New york, Sept. 23: Unmindful of the political schism in Delhi caused by the nuclear deal and an apparent lack of trust in the US as a friend or as an ally among sections of Indians, the Big Apple has embraced India.
India is everywhere in Manhattan, from Times Square to city buses and streetlight poles: in focus is a four-day mega celebration across this town of the 60th anniversary of India’s freedom.
New Yorkers woke up on Sunday to a rare full-page advertisement in The New York Times inviting them to “experience India in New York”.
Last night, hordes of tourists and residents of this megapolis gawked at huge illuminated billboards trumpeting details of this “experience” at two of the most coveted advertising spots in the world: the facades of the Nasdaq Building and the US headquarters of Reuters, both in Times Square.
The decision by Ambika Soni, the embattled tourism and culture minister who is defending herself politically over the Ram affidavit, to skip [email protected], which she has micro-managed during a year of its planning, has not dampened enthusiasm here for the celebrations.
Even without Soni, half a dozen Union cabinet ministers are in attendance at [email protected], which kicked off this morning with the first Pravasi Bharatiya Divas or Day of Overseas Indians held outside the country.
It was rolled out by Vayalar Ravi, the minister for overseas Indian affairs, attended by a gathering of people of Indian origin from coast to coast in the US.
Pranab Mukherjee, the foreign minister, who is standing in for Prime Minister Manmohan Singh as leader of the Indian delegation to this year’s UN General Assembly, will formally open [email protected] this evening followed by cultural performances of Kathakali, Theyyam, Odissi, Kathak, Bharata Natyam, Kuchipudi and Manipuri, culminating in a sarod recital by Amjad Ali Khan.
Tarun Das, the chief mentor of the Confederation of Indian Industry (CII), which is executing the four-day celebrations as a public and private sector partnership, said the idea was born out of a similar campaign called “India Everywhere” at the World Economic Forum in Davos last year.
“The UN General Assembly is the time when the world comes to New York,” Das said as the rationale for holding the programme in the Big Apple now.
Kiran Pasricha, the US-based deputy director-general of CII, said some 265 banners promoting the event have been put up on New York city buses. This is in addition to several more 100 banners on streetlight poles all across Manhattan.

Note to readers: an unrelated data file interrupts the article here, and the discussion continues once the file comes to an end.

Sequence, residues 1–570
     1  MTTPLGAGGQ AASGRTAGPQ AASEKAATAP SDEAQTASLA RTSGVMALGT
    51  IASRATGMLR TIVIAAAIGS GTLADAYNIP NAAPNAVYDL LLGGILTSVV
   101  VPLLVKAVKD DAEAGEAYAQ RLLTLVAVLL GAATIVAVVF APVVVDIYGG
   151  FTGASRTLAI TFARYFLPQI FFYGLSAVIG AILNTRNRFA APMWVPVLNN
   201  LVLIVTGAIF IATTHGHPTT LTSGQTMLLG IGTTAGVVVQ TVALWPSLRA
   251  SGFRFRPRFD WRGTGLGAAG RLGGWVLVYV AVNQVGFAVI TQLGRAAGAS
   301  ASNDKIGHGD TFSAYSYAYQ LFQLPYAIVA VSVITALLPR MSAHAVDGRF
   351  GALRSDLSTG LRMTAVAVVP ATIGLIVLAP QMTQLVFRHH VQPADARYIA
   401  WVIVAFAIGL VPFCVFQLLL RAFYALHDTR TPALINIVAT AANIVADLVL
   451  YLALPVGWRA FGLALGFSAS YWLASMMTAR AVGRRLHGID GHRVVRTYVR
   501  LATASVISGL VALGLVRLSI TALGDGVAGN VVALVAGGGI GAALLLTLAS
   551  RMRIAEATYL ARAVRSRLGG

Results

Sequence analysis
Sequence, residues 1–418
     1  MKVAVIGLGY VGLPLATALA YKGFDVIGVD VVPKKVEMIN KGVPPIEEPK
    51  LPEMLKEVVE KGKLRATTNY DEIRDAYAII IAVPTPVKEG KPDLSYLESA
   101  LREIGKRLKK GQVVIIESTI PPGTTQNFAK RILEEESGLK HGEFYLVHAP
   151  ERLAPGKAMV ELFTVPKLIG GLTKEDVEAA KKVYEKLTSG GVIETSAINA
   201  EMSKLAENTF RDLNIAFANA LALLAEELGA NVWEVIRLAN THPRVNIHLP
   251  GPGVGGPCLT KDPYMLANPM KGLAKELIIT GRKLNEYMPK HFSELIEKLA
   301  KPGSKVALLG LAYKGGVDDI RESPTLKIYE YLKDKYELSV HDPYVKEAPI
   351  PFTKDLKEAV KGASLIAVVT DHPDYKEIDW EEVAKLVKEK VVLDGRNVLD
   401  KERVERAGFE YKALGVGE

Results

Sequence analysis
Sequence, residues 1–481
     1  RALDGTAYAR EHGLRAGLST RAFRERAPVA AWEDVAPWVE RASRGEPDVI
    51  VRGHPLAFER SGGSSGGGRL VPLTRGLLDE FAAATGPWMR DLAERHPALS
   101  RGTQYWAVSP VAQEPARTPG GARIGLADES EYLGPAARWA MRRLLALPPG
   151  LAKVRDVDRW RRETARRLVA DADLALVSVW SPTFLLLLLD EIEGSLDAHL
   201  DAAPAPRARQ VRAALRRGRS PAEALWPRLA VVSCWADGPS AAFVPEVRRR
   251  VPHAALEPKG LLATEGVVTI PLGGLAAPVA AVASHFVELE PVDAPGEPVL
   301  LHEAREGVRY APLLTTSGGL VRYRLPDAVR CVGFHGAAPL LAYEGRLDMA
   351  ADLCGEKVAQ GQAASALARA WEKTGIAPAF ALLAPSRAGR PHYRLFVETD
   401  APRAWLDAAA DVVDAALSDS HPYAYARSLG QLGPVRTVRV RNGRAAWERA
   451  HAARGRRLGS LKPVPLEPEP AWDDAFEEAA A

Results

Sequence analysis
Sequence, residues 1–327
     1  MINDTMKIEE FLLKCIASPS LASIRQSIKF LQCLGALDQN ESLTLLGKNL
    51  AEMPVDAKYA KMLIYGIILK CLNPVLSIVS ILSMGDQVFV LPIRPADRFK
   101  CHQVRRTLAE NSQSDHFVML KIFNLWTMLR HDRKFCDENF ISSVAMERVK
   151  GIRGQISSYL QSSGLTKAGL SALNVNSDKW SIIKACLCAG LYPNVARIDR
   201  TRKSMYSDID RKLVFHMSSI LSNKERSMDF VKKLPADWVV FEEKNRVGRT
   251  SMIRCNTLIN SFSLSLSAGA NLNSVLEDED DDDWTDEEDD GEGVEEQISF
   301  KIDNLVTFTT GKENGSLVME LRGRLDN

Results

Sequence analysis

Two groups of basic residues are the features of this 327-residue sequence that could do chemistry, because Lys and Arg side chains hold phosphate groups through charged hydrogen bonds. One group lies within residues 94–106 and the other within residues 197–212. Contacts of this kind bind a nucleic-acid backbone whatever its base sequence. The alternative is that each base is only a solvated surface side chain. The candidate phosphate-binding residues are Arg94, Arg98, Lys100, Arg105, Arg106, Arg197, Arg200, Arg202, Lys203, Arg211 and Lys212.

There is something for everyone at the [email protected] celebrations.
Yale University and CII are co-hosting two panels on Monday and Tuesday as part of the programme. One panel has been titled India 2050: A Grand Strategy for India Rising, while the other is on Women and Global Leadership.
Yale’s president Richard Levin said the university’s involvement in the programme “signals the growing interest that India’s emergence holds for all Americans. The topics of the panel discussions in New York City reflect the values of critical engagement, leadership, and public service that Yale has long sought to instill in our students”.
In addition to Yale, one other Ivy League institution is a co-host for the events here. Columbia University’s Earth Institute, along with CII, will take an in-depth look at “India’s Growing Water Crisis”, a critical issue that is often neglected amid the hype about the country’s emerging economic achievements.
For New Yorkers uninterested in high-brow discussions on the merits of Indian democracy or successful strategies for doing business in India, there will be samplings of Indian cuisine and spices as well as culinary demonstrations at South Street Seaport, often described as a “not-to-be-missed” American landmark on Lower Manhattan’s historic waterfront.
A big hit is expected to be “Bollywood Live”, contemporary dances from Indian films at Bryant Park, a popular public location behind the New York Public Library.
Bryant Park will also showcase folk dances and music from different parts of India: Raibense from Bengal, Pung Cholam and Holipala from Manipur and Bhangra from Punjab, in addition to day-long chanting of Sanskrit shlokas.